Restorative approaches to school discipline are increasingly being implemented throughout the United States in an attempt to reduce reliance on suspension and eradicate the racial discipline gap. Yet, little is known about the experience of students in classrooms utilizing restorative practices (RP). This study draws on student surveys (N = 412) in 29 high school classrooms. Hierarchical linear modeling and regression analyses show that high RP-implementing teachers had more positive relationships with their diverse students. Students perceived them as more respectful and they issued fewer exclusionary discipline referrals compared with low RP implementers. In addition, the findings demonstrate some initial promise of well-implemented RP for narrowing the racial discipline gap. The study found that higher RP implementers issued fewer discipline referrals to Latino and African American students compared with lower RP implementers. The study findings have implications for equity-focused consultation in schools that honor student experience of new programming.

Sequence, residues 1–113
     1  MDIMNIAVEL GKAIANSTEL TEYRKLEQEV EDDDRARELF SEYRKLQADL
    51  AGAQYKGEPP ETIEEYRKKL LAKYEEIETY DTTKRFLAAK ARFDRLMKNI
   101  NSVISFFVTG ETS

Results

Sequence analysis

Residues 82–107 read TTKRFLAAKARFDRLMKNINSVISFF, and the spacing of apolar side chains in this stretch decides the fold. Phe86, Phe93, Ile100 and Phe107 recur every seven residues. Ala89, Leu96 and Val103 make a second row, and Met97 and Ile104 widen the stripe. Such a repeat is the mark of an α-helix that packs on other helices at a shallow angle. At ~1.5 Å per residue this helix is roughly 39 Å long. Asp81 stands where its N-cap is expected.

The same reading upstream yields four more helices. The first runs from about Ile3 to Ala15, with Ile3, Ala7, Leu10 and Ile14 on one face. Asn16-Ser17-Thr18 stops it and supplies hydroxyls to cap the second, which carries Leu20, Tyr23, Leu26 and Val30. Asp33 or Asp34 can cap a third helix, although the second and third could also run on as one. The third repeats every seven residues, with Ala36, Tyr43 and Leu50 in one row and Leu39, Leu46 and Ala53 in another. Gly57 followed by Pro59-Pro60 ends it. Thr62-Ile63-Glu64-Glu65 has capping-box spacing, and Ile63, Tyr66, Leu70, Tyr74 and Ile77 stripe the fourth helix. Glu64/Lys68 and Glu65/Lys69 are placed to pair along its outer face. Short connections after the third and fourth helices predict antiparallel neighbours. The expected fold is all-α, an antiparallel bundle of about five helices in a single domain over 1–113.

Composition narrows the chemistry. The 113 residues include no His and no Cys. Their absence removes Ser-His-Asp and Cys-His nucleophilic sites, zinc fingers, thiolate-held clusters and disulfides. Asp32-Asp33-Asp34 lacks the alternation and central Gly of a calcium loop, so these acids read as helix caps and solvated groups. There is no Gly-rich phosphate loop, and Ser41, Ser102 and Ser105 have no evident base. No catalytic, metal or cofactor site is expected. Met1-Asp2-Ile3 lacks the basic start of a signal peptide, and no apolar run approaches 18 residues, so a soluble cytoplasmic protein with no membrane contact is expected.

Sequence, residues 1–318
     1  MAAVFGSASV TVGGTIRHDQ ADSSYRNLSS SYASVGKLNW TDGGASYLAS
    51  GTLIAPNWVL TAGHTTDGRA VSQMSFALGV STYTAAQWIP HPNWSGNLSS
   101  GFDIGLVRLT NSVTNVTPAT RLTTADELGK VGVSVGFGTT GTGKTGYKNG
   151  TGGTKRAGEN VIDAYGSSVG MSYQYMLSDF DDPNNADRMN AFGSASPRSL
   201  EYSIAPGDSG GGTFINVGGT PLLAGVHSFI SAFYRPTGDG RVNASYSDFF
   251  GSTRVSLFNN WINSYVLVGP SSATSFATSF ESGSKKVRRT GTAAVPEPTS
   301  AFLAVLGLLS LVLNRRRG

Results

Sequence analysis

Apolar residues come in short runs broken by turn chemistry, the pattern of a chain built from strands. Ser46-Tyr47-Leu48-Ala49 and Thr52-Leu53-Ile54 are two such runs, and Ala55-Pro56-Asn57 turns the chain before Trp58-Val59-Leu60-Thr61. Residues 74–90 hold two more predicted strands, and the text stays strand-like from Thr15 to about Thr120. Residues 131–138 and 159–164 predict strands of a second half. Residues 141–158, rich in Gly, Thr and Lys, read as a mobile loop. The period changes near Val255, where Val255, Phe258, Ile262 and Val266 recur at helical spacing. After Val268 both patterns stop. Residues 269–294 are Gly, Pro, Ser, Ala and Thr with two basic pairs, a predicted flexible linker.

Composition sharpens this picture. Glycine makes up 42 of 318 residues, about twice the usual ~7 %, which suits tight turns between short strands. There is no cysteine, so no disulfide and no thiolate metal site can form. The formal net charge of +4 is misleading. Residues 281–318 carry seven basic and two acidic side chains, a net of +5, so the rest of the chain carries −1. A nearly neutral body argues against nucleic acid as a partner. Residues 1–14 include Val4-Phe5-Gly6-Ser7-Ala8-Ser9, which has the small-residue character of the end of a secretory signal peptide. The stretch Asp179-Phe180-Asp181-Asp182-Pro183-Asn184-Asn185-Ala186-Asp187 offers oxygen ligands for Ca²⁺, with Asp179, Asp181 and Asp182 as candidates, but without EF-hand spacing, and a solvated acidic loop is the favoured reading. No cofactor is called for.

|Original language||American English|
|Number of pages||29|
|Journal||Journal of Educational and Psychological Consultation|
|State||Published - Oct 1 2016|
ASJC Scopus subject areas
- Developmental and Educational Psychology
- Psychology (miscellaneous)